AKRON (July 4, 2005) — Here we go again. Congress is considering new legislation for the tire industry without having sufficient data from which to draw logical conclusions.
This time it's the idea of establishing a "National Tire Fuel Efficiency Program." It would mandate that replacement passenger and light truck tires have the same or better fuel efficiency than original equipment tires.
Sen. Charles Schumer, D-N.Y, is behind the amendment to the Senate energy bill that would establish tire fuel-efficiency standards for replacement tires. Based on a measure passed in California two years ago, the amendment also states the standards must not interfere with tire safety, tread life and scrap tire management and must be technically feasible and cost-effective for consumers.
With oil prices topping $60 a barrel, looking at how tires can help reduce the country's thirst for oil makes sense.
But why seek a federal rule to set rolling-resistance standards before studies on the subject by organizations such as the National Academy of Sciences (NAS) and the California Energy Commission have been completed?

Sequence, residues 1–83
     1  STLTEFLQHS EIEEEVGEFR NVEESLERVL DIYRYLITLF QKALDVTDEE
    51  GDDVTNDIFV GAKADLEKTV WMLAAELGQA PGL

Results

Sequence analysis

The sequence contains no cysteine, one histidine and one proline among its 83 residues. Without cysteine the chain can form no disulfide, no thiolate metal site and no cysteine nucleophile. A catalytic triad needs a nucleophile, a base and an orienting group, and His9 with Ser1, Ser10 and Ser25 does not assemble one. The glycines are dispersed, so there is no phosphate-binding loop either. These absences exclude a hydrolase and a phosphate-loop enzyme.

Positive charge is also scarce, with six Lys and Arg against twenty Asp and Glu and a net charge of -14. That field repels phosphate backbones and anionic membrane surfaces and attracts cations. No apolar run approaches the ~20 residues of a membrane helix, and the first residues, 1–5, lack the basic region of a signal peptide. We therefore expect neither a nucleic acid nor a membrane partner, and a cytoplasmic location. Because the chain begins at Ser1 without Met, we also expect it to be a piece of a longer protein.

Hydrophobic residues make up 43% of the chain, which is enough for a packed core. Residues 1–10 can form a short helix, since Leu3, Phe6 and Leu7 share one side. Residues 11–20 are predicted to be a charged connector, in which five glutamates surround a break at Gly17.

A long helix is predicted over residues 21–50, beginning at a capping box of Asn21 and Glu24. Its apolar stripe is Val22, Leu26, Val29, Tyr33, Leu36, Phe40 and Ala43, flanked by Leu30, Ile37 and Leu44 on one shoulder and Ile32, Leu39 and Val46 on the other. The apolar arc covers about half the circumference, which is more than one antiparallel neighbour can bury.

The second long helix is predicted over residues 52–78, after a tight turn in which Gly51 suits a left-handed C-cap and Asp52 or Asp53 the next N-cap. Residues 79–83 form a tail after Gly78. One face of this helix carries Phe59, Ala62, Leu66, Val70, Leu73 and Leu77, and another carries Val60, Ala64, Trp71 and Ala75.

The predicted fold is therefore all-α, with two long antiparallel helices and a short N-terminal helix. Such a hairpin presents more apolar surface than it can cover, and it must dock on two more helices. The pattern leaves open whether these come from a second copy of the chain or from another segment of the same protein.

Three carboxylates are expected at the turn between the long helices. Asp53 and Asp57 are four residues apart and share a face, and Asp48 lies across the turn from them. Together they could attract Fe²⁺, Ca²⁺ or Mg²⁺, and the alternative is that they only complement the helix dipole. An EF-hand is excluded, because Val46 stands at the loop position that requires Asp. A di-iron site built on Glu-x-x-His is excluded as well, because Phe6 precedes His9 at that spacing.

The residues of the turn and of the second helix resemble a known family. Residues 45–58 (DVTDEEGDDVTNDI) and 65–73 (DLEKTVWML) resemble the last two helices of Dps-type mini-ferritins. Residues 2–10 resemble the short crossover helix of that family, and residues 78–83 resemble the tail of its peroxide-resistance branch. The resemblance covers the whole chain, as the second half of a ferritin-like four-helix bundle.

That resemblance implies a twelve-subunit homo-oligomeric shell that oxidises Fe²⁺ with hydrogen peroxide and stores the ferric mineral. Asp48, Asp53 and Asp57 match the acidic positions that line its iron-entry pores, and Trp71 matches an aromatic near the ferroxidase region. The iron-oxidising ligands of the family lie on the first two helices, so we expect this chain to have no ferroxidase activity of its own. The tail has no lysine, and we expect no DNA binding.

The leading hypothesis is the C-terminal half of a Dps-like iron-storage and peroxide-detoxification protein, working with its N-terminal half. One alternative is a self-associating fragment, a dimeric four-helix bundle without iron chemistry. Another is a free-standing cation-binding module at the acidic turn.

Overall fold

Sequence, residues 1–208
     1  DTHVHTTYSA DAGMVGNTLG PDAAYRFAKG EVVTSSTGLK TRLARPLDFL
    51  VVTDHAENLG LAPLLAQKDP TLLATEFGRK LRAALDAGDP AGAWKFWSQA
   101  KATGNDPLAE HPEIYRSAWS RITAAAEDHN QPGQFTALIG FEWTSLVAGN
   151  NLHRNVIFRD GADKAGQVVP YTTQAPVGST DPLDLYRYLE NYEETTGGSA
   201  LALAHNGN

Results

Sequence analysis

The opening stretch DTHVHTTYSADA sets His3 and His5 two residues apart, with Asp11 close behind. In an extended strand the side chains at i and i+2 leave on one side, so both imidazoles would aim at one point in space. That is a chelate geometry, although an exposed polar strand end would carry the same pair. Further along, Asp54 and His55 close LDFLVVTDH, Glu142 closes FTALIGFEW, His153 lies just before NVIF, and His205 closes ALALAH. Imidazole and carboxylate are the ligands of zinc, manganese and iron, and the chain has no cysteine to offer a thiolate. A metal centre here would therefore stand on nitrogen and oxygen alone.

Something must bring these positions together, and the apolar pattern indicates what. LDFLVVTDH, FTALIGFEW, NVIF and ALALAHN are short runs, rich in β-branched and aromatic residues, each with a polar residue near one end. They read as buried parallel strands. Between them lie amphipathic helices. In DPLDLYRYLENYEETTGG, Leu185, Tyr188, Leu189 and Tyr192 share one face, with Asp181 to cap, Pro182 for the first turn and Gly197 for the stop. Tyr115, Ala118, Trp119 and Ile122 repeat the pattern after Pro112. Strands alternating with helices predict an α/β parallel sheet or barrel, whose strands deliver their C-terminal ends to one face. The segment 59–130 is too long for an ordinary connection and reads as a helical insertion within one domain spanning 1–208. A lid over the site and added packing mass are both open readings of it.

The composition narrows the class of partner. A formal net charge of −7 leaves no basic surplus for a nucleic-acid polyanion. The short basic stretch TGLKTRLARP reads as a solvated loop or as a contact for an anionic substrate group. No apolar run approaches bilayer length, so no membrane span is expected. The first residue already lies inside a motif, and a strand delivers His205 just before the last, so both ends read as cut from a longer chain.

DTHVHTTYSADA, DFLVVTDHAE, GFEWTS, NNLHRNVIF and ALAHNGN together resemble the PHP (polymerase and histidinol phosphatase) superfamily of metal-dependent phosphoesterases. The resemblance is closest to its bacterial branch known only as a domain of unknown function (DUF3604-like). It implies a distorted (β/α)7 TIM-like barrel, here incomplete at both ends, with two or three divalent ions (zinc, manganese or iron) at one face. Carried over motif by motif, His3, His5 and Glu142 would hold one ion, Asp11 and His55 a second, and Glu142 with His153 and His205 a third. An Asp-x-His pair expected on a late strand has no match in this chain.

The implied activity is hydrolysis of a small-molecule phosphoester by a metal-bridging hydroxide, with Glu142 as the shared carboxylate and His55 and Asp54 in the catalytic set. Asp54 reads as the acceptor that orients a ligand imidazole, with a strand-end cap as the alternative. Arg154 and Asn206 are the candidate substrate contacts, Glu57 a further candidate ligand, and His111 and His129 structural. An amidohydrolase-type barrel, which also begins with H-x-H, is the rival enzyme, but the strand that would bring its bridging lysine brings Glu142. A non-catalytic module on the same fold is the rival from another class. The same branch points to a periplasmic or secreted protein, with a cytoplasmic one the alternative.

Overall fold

That makes no sense at all.
Anyone with any knowledge of tire manufacturing and design knows that tire development is an exercise in trade-offs. Increasing one performance characteristic affects others, usually negatively.
As a result, tire makers are constantly tweaking the various design elements striving for that optimum blend of performance, safety, wear and comfort.
Forcing them to place an emphasis on just one parameter—rolling resistance—changes this approach to tire design and development. The end result could be a trade-off—rolling resistance for wet grip and traction, for example. That would negate the goal Congress is trying to achieve.
There's also the question of how much fuel would be saved.
The Rubber Manufacturers Association, in its opposition to a tire fuel-efficiency bill in Massachusetts, said tires account for only 4 percent of the fuel energy used by any vehicle.
The NAS has estimated the fuel savings from a low-rolling-resistance standard would be only 1 to 1.5 percent, and that's assuming all drivers keep their tires aired up at the ideal inflation pressures—something many studies indicate they simply don't do.
Those are not the kind of numbers that should compel lawmakers to jump up and establish yet another rule on the tire industry that may not achieve the desired results.
Congress should delay action on mandating fuel-efficient tires until it has more definitive information. Only then can legislators cast a knowledgeable vote.